Website: Click here

Zhengxin Chen, Ph.D.

Dr. Chen is a professor in the Department of Computer Science at the College of IS&T. He received his Ph.D. in Computer Science from Louisiana State University. During the fall of 2005, he is teaching CSCI 2980 (Topics: Visualization Bioinformatics), CSCI 8390 (Advanced Topics Database Management), CSCI 9350 (Mathematical and Logical Foundations of Data Mining), and CSCI 4850/8856 (Database Management Systems). He also taught an undergrad/graduate course entitled "Database search and Pattern discovery in Bioinformatics" in the spring of 2005.

His research interests include artificial intelligence, database management systems, intelligent information retrieval, and database search and data mining in bioinformatics. One of his ongoing research topics includes an IST Data Mining project entitled “Text mining for Antimicrobial Peptides.” He is currently supervising a master's thesis for developing an XML Database for RNA data, a master's project for an Electronic Medical Records System with Integrated Clinical Decision Support, and a Ph.D. thesis on text mining. He has also co-chaired a Master’s project on HIV-1 Medicated Neuronal Damage and a thesis on cluster analysis on time series data involving microarrays.

PKI 281C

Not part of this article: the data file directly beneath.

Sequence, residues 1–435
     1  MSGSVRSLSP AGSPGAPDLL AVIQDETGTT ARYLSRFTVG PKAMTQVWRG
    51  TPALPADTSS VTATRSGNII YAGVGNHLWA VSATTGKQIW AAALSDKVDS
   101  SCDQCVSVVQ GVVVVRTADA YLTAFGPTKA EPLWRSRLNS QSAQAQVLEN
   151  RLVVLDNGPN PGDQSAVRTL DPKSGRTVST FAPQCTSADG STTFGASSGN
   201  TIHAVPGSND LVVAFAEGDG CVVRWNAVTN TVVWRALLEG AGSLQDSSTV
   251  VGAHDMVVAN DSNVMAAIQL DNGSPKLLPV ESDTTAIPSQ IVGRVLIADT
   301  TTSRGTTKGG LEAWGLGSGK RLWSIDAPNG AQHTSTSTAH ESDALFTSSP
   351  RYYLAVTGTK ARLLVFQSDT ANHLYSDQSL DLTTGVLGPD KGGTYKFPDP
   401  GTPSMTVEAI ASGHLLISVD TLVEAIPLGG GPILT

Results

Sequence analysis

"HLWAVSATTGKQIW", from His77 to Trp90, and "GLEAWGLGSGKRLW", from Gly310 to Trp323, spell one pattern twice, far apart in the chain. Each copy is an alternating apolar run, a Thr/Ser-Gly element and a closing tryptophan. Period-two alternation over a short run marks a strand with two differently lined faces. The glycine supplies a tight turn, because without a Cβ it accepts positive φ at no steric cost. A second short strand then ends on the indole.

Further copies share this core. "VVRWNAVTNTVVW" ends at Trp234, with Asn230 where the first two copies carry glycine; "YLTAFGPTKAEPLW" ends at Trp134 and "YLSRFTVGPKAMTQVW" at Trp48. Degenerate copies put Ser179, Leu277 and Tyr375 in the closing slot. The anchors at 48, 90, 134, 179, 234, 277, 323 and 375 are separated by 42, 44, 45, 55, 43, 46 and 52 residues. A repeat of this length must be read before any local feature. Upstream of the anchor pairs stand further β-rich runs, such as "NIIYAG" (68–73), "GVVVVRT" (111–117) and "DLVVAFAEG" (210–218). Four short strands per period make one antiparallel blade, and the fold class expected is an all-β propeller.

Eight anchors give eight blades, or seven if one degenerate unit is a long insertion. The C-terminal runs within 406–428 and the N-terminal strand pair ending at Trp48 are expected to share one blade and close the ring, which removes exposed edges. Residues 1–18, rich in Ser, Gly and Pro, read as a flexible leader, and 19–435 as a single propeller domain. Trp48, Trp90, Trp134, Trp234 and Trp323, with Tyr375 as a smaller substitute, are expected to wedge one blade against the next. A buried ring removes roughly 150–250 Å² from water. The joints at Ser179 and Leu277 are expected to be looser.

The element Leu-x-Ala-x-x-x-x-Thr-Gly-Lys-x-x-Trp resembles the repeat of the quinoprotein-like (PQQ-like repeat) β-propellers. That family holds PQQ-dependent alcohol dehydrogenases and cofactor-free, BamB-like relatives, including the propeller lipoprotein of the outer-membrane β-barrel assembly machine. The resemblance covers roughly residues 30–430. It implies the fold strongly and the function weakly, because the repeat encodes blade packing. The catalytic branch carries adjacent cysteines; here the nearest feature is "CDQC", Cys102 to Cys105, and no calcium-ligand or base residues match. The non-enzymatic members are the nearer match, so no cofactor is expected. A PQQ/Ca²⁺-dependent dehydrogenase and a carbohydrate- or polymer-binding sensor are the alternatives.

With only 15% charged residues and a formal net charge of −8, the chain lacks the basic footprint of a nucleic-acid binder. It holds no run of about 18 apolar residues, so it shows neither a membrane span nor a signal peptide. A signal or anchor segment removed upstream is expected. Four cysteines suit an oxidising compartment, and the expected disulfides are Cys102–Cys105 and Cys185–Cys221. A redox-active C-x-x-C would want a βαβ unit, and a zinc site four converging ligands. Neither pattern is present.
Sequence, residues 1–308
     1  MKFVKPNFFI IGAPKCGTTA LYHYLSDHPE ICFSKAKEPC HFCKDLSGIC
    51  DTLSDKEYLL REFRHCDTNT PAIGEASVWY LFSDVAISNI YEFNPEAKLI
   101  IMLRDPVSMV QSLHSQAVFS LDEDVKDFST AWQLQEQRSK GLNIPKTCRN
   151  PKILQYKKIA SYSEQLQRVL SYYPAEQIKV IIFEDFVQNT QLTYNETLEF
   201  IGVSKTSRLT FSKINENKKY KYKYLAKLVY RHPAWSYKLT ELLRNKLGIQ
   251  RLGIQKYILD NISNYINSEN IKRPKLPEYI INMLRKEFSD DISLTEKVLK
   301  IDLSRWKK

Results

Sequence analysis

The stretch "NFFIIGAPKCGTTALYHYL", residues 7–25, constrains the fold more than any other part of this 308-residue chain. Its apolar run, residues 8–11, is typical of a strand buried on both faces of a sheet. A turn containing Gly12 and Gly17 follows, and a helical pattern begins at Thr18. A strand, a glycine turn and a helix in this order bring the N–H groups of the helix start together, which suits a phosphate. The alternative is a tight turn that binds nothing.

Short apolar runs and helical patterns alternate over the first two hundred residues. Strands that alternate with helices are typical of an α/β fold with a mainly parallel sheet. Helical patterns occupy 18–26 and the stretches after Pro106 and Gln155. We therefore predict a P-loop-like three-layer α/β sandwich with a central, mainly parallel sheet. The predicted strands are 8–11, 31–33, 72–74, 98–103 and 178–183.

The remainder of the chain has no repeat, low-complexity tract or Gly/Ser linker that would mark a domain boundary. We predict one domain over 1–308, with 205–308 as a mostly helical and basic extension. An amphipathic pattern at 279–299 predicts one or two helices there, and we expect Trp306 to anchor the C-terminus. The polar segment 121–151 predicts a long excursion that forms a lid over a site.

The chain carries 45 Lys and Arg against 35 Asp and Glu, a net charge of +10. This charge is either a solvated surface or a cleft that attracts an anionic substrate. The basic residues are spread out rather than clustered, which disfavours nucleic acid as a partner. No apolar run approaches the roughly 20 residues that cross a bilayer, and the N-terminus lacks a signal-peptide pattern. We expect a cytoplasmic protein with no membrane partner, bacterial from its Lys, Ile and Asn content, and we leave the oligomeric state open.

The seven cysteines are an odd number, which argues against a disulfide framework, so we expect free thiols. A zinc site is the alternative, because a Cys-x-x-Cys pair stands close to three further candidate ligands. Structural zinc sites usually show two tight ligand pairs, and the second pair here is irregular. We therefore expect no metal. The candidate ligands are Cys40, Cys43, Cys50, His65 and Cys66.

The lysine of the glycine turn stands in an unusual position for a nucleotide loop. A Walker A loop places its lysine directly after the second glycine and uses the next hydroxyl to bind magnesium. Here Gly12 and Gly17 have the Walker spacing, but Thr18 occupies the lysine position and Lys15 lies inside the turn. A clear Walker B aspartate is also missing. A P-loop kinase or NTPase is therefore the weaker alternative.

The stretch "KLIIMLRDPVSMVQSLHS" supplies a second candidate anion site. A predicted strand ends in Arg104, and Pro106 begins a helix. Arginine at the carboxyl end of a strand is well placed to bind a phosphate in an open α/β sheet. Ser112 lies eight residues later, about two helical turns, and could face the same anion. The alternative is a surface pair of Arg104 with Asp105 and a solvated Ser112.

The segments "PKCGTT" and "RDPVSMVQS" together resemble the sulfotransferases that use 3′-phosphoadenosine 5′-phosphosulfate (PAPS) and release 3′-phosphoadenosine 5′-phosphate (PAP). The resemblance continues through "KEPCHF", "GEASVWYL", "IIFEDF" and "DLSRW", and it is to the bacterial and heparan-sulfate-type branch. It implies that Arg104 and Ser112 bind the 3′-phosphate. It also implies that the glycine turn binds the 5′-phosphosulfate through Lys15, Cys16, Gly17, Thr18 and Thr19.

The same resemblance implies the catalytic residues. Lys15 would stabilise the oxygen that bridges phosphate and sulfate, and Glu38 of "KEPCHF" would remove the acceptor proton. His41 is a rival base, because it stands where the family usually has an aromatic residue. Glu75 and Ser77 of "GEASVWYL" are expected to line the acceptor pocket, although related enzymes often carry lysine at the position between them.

E-mail: zchen@unomaha.edu Website: Click here

Parvathi Chundi, Ph.D.

Dr. Chundi is an assistant professor in the Department of Computer Science at the College of IS&T. She received her Ph.D in Computer Science from the University at Albany in Albany, NY.

Her research interests include areas like moving object databases, data mining, bioinformatics, and replicated and distributed databases. Some of her current research titles include “Text mining of Medline data” and “A system of moving sensor” related to wireless technology. One current research topic involves using publicly available domain knowledge to enhance text mining techniques such as document clustering, text classification, and trend analysis that are used to extract previously unknown information from unstructured documents.

PKI 281A
E-mail: pchundi@unomaha.edu
Website: Click here

Mark A. Pauley, Ph.D.

Dr. Pauley is a Senior Research Fellow and a professor in the Department of Computer Science in the College of IS&T. He received his Ph.D. in Physical Chemistry from the University of Nebraska-Lincoln. He also did post-baccalaureate studies in Computer Science at the University of North Carolina at Chapel Hill/North Carolina State University. During the fall of 2005, he is teaching CSCI 2980 (Topics: Intro to Web Development) and CSCI 2980 (Topics: Intro to Bioinformatics).

His research interests include object-oriented programming and Bioinformatics. Particularly, the past couple of years, he has worked on making an Affymetrix GeneChip for the rhesus macaque monkey by developing the algorithms and procedures necessary to acquire sequence information from the 3' end of non-human primate orthologs of human genes. He developed software to align mRNA with genomic sequence in order to identify terminal exons of human genes.

PKI 174H
E-mail: mpauley@unomaha.edu
Website: Click here